AT: The Sabine Women A: William Vaughn Moody Pf: 1906, Chicago Pb: 1909 G: Drama in 3 acts S: A cabin in the Arizona desert, a home in the Cordilleras Mountains, and a house in Milford Corners, Massachusetts, early 20th c. C: 10m, 3f, 1 child (m)With her brother Philip and his wife Polly, 19-year-old Ruth Jordan has left New England to live simply in the Arizona desert in order to establish a cactus-fibre industry. Refusing the hand of a young doctor, she dreams of a grander relationship – with ‘a sublime abstraction – of the West’. Her yearning is cruelly realized. Three drunks threaten to rape her. She bargains with one of them, Stephen Ghent: if he saves her, she will marry him. He bribes one companion and shoots the other. About a year later, Ghent is a prosperous partner in a gold mine. Despite immaculate behaviour towards her, he is met by unforgiving coldness from Ruth. Refusing financial support, she earns her keep selling home-made baskets and rugs. Paying Ghent back the bribe for preventing the rape, she claims to have bought freedom for herself and her baby son, and leaves with her brother, who has tracked her down. Some months later in Massachusetts, Ruth is unhappy and sick. Her family face financial ruin, because the cactus-fibre project was sold when she disappeared. When Ghent offers to buy back the cactus-fibre enterprise for the family, Ruth reveals the truth of their first meeting. Ghent speaks of the Great Divide: between their puritan existence and his own free life beyond the Rockies. Ruth, recognizing that he has become a better man through her, relents and joyfully agrees to return to the West with him.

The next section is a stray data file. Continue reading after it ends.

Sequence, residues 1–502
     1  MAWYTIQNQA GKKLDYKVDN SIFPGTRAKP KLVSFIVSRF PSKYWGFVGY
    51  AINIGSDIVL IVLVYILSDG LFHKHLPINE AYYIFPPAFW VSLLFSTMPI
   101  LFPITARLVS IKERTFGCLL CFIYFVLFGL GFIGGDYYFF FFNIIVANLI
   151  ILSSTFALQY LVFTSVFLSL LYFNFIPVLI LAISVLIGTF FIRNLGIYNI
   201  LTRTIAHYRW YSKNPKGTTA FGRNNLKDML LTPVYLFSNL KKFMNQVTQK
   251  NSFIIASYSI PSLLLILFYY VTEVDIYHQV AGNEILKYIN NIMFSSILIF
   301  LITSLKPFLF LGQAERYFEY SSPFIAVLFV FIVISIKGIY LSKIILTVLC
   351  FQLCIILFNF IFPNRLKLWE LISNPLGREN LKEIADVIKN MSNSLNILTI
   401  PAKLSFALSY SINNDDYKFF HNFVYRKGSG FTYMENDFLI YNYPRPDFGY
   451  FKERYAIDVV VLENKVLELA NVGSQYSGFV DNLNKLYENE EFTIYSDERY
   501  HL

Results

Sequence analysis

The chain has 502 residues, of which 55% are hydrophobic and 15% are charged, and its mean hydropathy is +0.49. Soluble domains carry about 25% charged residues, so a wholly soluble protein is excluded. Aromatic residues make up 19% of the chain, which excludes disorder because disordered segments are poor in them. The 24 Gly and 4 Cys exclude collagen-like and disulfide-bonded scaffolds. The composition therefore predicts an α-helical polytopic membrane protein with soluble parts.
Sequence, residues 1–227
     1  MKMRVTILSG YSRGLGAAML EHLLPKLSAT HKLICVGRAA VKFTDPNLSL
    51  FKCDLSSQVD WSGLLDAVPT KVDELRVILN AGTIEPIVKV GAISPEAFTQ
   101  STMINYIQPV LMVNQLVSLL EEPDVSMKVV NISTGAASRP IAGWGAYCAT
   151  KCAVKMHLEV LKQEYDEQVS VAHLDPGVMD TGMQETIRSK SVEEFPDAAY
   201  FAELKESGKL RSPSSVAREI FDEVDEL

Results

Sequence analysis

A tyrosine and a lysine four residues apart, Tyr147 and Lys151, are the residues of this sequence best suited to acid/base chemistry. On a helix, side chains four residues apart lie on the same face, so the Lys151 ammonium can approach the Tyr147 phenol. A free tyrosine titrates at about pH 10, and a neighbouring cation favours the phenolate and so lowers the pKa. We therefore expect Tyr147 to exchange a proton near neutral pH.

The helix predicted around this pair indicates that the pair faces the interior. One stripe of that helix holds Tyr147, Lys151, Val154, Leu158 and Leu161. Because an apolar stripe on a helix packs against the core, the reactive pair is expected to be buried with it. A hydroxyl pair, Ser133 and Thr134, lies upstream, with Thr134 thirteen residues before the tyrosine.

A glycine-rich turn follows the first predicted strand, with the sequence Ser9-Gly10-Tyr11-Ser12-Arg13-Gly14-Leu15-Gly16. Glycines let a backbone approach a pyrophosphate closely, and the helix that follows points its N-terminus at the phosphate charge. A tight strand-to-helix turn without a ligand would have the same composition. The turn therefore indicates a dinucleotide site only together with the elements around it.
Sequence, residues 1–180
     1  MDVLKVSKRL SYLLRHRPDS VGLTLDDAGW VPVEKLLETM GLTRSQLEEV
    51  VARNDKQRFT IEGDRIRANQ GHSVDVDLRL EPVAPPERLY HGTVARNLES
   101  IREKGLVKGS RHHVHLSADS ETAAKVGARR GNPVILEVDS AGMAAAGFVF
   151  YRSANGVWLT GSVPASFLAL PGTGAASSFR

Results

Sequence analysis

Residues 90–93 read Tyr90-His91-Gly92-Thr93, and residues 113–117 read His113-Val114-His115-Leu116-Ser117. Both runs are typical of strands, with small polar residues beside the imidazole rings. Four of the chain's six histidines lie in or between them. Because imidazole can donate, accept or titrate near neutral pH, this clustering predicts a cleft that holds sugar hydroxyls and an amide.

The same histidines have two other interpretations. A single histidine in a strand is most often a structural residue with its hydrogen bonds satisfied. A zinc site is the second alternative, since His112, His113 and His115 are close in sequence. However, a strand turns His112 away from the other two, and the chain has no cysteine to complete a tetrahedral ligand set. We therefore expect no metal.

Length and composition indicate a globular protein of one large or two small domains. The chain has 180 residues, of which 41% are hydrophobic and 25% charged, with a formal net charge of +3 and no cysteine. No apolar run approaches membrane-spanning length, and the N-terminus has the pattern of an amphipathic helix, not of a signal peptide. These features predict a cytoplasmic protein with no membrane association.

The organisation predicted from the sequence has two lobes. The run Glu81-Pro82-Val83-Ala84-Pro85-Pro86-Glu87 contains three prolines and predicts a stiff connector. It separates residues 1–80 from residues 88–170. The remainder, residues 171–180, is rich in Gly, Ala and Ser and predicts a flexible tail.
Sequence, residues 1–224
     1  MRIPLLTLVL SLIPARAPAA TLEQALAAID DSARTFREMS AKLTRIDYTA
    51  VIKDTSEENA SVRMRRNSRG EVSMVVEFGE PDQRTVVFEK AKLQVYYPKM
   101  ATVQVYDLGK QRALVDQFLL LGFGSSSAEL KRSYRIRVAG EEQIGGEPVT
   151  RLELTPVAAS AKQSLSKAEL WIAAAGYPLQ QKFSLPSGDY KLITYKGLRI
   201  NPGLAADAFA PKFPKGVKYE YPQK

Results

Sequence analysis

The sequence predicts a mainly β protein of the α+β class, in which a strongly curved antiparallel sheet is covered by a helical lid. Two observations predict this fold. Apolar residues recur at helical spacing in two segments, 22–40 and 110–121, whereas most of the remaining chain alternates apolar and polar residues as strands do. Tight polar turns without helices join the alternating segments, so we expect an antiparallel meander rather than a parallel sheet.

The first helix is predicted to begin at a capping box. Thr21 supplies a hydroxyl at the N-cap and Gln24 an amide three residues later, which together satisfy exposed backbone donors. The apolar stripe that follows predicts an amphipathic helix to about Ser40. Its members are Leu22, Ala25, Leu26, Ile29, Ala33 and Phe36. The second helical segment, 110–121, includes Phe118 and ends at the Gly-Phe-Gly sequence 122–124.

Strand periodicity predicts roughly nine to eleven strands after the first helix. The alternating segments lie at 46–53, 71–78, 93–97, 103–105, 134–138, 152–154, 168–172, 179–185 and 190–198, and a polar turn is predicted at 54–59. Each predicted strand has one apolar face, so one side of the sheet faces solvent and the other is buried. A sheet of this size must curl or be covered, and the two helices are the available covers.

AT: The Sabine Women A: William Vaughn Moody Pf: 1906, Chicago Pb: 1909 G: Drama in 3 acts S: A cabin in the Arizona desert, a home in the Cordilleras Mountains, and a house in Milford Corners, Massachusetts, early 20th c. C: 10m, 3f, 1 child (m)
That The Great Divide was thought by many at the time to be the greatest American play ever written, suggests that, all too often, size rather than quality appears to matter. The bombastic language and melodramatic action do not reveal greatness. However, the play does offer a model exploration of the ‘divide’ in American consciousness between urban sophistication and the robustly assertive ‘romance of the West’, which made cowboy films so attractive, and is arguably still a force in American foreign policy.